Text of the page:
“Slow things down.”
That’s been Lt. Gov Phil Scott’s unofficial campaign slogan as he traversed the state on bicycle. Scott, who races cars at Thunder Road, logged 568 miles passing through each of Vermont’s 14 counties. The eight-day trip, which concluded Tuesday evening in Barre, included both scheduled meet & greets and spontaneous conversations with constituents.
Even on two wheels, Scott was still too fast for one woman — on his way into Woodstock, the octogenarian flagged him down from the side of the road to hand deliver an eight-page letter outlining her concerns about rising fuel costs.
The woman told Scott she had been trying to catch up with him since North Troy, which is 125 miles north of Woodstock.
“I was taken aback a little bit that somebody would know who I was — I was all alone and had a raincoat on — but I was very grateful that she had taken the time to talk with me,” Scott said.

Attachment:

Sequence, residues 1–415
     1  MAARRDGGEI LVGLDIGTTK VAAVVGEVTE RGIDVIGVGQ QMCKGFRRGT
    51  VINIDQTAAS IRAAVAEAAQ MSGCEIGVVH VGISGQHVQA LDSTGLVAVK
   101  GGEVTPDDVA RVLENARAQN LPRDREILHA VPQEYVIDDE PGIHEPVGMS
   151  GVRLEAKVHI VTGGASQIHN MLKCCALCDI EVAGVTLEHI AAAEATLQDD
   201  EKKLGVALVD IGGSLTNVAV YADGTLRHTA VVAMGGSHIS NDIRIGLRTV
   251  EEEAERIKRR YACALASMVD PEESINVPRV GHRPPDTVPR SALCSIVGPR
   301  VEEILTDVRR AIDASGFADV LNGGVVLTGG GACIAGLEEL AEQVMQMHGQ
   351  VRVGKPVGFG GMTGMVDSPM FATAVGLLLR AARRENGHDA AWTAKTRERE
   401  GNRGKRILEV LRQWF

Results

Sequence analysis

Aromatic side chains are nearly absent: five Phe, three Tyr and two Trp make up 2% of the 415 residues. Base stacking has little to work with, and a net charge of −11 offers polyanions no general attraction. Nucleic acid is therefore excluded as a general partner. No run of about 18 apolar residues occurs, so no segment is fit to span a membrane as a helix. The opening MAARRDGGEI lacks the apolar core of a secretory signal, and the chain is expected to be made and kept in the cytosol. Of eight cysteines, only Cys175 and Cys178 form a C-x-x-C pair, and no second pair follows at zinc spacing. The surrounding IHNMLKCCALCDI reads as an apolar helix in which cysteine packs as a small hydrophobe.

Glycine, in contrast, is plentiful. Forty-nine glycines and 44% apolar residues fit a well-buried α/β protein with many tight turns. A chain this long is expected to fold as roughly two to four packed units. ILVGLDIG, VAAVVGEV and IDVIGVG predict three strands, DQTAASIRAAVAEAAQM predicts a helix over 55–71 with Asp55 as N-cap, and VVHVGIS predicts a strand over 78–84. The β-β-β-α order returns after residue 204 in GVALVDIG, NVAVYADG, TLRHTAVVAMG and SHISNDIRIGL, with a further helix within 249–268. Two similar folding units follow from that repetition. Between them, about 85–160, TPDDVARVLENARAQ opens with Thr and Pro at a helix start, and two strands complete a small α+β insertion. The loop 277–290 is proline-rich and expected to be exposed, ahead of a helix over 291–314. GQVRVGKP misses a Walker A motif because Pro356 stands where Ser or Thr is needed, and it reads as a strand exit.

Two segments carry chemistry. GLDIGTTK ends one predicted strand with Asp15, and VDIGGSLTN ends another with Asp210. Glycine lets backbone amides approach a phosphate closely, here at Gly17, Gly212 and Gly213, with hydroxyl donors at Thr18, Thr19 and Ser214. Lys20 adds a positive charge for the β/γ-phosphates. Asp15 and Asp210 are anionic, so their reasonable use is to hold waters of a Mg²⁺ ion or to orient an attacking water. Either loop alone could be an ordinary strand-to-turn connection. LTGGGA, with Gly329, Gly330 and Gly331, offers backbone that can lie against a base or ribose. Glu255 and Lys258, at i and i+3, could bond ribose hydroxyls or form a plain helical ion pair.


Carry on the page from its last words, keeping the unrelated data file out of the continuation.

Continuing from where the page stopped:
Scott started his ride in the Northeast Kingdom, where he got an up-close view of controversial wind turbines (Scott supports a moratorium to study the effects of industrial wind development) and finished in Barre, where a crowd of sign-carrying supporters greeted him. His recent stops included the Hartford Chamber of Commerce, Gifford Medical Center in Randolph and the Coolidge Homestead in Plymouth (Calvin Coolidge is one of Scott’s favorite politicians).
Scott admits that there was a moment, three miles into the ride, when he second-guessed the decision to make his campaign rounds using a markedly slow mode of transportation. He fell while crossing a set of railroad tracks in St. Johnsbury and cracked his helmet but he said his doubts dissipated during the remaining 565 miles.
“It was a little iffy there at the beginning, but it was all downhill from there, so to speak.”
Scott says the high point of the trip coincided with the first time the sun appeared.
“I was on Route 133 out of Rutland going through Ira and down to Dorset. The surface was incredible, the views were breathtaking, and it was just quintessential Vermont.”
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